You’re considered by many of your peers as one of the great American songwriters today, who is your greatest songwriting influence?
One of the main ones would have been Bob Dylan. I started with him at 12 years old and I was immediately taken with the way he used language. Traditional music and contemporary writing blended together made a lot of sense to me. With my dad being a poet, I grew up around contemporary Southern writers, but I was also greatly influenced by the traditional folk songs and all of that.
I had the John And Alan Lomax Folk Songs U.S.A. songbook that every kid had back in the mid-’60s. I’d sit around and sing all those songs like ‘Banks Of The Ohio’ and listen to Joan Baez, Woody Guthrie and Pete Seeger and at the same time I was influenced by the contemporary Southern literature I was soaking up, so when I first heard Highway 61 Revisited, I just went, ‘Wow, he’s taken these two worlds and blended them together!’ It’s like Allen Ginsberg-meets-Woody Guthrie or something, you know? (laughs) And it totally made sense to me. When I was 12 years old I didn’t understand every single song on that record, ‘cause it was pretty complex, but I certainly got it. I got something. And I said, ‘This is what I want to do.’ It had a profound impact on me.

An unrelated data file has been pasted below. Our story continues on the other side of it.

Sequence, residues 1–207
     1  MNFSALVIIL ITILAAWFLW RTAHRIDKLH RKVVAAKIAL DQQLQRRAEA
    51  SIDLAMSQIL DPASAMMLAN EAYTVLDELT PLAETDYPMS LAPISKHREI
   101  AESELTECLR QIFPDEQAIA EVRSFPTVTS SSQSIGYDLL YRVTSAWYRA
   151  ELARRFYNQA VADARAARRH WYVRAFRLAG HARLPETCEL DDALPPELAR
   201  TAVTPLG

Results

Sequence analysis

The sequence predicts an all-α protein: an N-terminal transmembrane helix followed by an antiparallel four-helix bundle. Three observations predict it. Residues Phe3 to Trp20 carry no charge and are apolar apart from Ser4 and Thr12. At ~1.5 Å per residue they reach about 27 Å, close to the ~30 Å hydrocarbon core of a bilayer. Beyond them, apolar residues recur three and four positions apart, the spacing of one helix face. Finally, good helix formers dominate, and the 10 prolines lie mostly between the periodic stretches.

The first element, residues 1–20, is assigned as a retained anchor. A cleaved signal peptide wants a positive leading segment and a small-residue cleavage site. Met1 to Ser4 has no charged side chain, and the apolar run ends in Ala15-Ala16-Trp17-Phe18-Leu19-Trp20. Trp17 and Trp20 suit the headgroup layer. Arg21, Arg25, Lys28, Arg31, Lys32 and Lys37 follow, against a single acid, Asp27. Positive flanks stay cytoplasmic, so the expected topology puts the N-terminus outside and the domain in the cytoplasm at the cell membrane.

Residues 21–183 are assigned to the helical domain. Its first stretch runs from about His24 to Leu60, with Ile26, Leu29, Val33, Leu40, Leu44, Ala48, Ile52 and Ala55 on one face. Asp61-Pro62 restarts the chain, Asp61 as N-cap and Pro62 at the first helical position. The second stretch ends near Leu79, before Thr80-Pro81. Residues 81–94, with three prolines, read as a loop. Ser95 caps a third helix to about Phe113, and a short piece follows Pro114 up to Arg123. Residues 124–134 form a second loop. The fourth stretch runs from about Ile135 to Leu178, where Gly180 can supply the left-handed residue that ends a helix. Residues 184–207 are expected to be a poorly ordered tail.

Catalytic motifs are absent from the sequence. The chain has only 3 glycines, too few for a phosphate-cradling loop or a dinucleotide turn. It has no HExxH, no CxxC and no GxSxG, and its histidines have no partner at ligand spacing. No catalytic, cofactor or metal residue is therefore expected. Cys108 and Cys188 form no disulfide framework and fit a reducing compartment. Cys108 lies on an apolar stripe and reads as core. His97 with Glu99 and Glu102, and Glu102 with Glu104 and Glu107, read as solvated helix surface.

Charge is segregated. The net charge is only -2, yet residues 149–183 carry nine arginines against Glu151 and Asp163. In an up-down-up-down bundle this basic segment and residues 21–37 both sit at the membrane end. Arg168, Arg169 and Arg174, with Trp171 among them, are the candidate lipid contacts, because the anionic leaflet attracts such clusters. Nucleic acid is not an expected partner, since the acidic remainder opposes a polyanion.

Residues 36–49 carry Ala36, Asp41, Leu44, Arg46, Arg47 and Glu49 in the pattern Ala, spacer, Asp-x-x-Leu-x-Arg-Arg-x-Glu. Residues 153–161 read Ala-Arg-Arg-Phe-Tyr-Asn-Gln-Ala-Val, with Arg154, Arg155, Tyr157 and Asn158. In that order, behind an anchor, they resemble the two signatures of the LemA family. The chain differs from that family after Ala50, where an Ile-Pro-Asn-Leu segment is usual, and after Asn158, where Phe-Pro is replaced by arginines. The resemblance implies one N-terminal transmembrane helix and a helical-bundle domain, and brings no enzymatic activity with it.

Then, years later, when I was working on my follow-up to Car Wheels and thinking about what I was going to do to match it, I began to write less narrative songs. It was very liberating for me to be able to write a song like ‘Steal Your Love’ and just let it go and let it be, without feeling like I had to fill it up with so many words and everything. At first I thought, ‘God, what are my fans gonna think?’ It was around then I read a review of Dylan’s Time Out Of Mind, which said something like, ‘This isn’t Bob Dylan at his best’ and ‘What kind of lyrics are these?,’ and I remember thinking, ‘Let him go, let him have fun, let him breathe. Let the songs be what they are. Every song doesn’t have to be “That’s Alright Ma (I’m Only Bleeding),”” and I applied that to what I was doing.
The less notes the better, the less you play the better, graceful simplicity.
Little Honey is in stores now. Check out Lucinda Williams at the Wellmont Theatre in Montclair, NJ, on March 7. For more info, visit lucindawilliams.com.